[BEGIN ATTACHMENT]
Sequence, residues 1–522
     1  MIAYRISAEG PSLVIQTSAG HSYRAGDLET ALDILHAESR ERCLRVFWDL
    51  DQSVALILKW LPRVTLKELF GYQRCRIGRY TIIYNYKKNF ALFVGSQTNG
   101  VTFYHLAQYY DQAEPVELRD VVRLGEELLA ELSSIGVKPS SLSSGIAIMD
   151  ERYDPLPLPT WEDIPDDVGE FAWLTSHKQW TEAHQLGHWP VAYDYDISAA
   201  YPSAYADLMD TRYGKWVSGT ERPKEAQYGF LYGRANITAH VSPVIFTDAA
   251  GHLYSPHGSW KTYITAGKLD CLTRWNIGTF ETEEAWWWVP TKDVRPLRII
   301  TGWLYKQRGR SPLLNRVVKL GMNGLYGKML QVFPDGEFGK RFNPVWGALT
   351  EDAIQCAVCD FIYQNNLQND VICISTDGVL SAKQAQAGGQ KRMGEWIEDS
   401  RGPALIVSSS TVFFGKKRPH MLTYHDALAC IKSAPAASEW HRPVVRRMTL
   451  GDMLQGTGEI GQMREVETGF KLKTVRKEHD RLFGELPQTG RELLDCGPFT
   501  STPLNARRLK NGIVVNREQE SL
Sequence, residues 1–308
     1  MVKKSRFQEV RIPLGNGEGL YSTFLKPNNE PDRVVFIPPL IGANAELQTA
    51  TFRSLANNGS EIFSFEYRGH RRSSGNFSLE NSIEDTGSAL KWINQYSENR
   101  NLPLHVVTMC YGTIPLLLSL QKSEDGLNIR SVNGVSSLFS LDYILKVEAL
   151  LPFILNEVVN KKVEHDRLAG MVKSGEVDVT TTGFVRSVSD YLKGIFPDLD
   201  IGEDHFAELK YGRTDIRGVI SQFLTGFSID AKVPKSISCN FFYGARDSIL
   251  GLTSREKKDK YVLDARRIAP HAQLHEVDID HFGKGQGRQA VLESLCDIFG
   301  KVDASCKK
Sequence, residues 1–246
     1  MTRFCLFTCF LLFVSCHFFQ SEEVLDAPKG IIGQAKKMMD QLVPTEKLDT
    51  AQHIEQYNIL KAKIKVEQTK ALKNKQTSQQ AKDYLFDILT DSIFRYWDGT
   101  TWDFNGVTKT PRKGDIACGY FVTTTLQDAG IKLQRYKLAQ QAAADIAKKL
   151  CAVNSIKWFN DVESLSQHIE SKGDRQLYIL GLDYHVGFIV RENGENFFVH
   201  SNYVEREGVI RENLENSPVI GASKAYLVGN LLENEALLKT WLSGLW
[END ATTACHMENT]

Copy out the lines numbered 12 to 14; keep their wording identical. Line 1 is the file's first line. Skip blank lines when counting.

   501  STPLNARRLK NGIVVNREQE SL
Sequence, residues 1–308
     1  MVKKSRFQEV RIPLGNGEGL YSTFLKPNNE PDRVVFIPPL IGANAELQTA